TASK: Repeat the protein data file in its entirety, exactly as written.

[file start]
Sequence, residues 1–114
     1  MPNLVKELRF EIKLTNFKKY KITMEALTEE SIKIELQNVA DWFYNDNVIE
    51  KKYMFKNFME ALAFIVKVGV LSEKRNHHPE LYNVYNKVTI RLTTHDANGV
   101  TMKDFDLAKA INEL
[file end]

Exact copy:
Sequence, residues 1–114
     1  MPNLVKELRF EIKLTNFKKY KITMEALTEE SIKIELQNVA DWFYNDNVIE
    51  KKYMFKNFME ALAFIVKVGV LSEKRNHHPE LYNVYNKVTI RLTTHDANGV
   101  TMKDFDLAKA INEL